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Perceived Value vs. Real Value

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Nineteen years ago I spent 5 months living in Japan as an exchange student.

Like all exchange students, my time was spent partially in study and partially as a tourist - discovering the richness of Japanese culture, cuisine, and countryside. 

During my time in Japan, I became fascinated with Origami. There is incredible creativity unleashed from the confines of a paper square. 

I began to collect different origami paper to bring back home. On one occasion, at an ancient Japanese castle, I picked up some handmade origami paper. 

In my mind, it was special because it was probably handmade with a special method passed down for the last 400 years. It had value. Value based on where I got it, the passion I had for origami at the time, and the memories I associated with seeing the simple square paper.

Over time, the value to me grew. When I moved house (multiple times) I could never bring myself to discard the origami paper. It always returned to the storage box.

Special. Valuable.

My family discovered my Japanese origami paper recently while unpacking storage boxes. I left some out, thinking perhaps I would try my - very long forgotten - origami skills.

Instead I found origami paper being used as a note pad. Perfectly square, great for writing on. “I am going to get the kids, be home soon” the note said.

Suddenly I was crushed. How could my wife not know the special value I placed on my origami paper? How could she not see the care to which I had taken to preserve this priceless relic of my Japanese adventures?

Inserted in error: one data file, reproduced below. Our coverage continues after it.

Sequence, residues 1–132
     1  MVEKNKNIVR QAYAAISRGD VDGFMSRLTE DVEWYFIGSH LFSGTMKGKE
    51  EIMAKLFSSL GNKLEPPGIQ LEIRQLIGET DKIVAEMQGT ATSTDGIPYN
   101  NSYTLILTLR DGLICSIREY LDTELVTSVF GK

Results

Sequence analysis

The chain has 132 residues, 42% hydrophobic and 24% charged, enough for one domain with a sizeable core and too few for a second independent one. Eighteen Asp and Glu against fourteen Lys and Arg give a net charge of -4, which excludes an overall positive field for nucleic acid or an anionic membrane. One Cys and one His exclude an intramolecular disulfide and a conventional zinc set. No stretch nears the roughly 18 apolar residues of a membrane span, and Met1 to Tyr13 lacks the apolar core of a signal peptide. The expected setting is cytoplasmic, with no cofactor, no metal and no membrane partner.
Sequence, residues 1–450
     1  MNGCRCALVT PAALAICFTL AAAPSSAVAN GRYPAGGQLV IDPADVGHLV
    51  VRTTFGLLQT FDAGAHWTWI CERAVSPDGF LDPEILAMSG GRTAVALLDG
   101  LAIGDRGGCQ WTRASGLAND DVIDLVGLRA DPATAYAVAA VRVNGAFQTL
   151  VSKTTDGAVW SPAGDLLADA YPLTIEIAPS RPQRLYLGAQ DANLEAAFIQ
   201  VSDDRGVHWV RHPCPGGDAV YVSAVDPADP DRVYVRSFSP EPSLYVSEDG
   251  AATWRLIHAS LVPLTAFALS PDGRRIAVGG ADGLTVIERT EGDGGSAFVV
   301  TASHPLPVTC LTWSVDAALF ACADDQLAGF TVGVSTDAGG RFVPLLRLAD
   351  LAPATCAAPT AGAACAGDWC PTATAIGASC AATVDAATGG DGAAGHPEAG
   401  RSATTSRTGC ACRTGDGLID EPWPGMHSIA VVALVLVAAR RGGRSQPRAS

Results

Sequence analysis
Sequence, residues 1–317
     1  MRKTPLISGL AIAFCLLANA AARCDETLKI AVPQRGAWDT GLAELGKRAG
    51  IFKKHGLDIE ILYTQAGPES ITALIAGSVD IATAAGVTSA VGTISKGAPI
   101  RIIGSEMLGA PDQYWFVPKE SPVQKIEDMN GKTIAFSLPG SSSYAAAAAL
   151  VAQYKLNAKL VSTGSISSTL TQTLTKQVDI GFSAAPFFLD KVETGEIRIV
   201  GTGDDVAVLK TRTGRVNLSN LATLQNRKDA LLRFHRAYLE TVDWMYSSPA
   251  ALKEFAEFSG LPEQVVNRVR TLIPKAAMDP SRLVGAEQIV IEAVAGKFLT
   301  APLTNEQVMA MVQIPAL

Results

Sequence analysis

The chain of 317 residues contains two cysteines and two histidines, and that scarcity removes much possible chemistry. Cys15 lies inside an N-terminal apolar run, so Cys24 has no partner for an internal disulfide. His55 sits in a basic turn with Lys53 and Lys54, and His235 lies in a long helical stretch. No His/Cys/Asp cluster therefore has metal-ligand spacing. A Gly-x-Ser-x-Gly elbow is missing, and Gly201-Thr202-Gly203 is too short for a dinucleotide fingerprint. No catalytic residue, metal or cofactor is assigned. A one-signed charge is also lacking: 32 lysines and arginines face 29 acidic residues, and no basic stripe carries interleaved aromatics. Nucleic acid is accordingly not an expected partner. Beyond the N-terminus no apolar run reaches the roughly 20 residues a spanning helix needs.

The real value of my paper? Pennies.

I perceived a higher value than the real, true value. I made decisions based on the high value I placed on my origami paper. 

How often do we place a higher perceived value than an item is really worth?


Do not focus on your perception of value - focus on the value it brings to others.

Are we pouring company hours into building a flashy social media platform and online following while neglecting the day to day grind of actual productive work? 

Work to clarify real value. 

The television series Antiques Roadshow is famous for helping unsuspecting collectors find the real value of their items. While not everyone profits, enough people have found surprising value in items to keep the show on air since 1979.

How might our perception of value be driving our decision-making?

Perhaps we emphasise the value we bring to an organisation, while our family life languishes? Kids wondering if we will come to a sports event, a partner wondering if we’ll be home for dinner.

Steve Jobs famously cuts Apple’s products by 70% upon his return to the company in the 1990’s. Apple was almost bankrupt at the time, focusing on pursuing products or development lines which were not easily realised as money-makers. The perception of “more is better” dictated, in some ways, decision making.

From 26 different offerings down to four. Steve Jobs created clarity around real value, for real consumers. 

www.hellostepchange.com

www.hellostepchange.com

Do not focus on your perception of value - focus on the value it brings to others.

In your own life, What can you do today to gain clarity around the real value of things held dearly? 

They may, in fact, be incredibly valuable. Don’t let them go. Or they may, upon reflection, be let go.

In your work, strive to gain clarity around how your customers hold the value of what you offer.

You may just find your product or service is worth more than you imagined.